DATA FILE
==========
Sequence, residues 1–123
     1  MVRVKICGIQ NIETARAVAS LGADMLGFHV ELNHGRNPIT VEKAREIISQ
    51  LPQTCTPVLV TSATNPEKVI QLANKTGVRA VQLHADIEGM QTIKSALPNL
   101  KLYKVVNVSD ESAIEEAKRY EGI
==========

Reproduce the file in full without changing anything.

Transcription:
Sequence, residues 1–123
     1  MVRVKICGIQ NIETARAVAS LGADMLGFHV ELNHGRNPIT VEKAREIISQ
    51  LPQTCTPVLV TSATNPEKVI QLANKTGVRA VQLHADIEGM QTIKSALPNL
   101  KLYKVVNVSD ESAIEEAKRY EGI